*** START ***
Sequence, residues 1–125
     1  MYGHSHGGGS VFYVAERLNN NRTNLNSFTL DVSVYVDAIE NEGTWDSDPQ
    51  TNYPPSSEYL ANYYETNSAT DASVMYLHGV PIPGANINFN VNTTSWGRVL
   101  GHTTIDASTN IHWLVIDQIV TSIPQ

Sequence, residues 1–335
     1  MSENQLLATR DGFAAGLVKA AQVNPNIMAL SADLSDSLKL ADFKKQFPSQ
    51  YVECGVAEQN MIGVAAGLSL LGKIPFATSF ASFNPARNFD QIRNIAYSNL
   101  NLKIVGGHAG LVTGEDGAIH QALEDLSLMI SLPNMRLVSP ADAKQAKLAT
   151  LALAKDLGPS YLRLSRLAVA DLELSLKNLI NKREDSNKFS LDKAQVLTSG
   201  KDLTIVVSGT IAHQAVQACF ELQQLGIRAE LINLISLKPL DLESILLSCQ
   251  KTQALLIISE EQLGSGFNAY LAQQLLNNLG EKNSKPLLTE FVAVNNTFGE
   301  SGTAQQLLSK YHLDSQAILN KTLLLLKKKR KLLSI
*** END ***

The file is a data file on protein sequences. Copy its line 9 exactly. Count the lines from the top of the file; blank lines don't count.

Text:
   151  LALAKDLGPS YLRLSRLAVA DLELSLKNLI NKREDSNKFS LDKAQVLTSG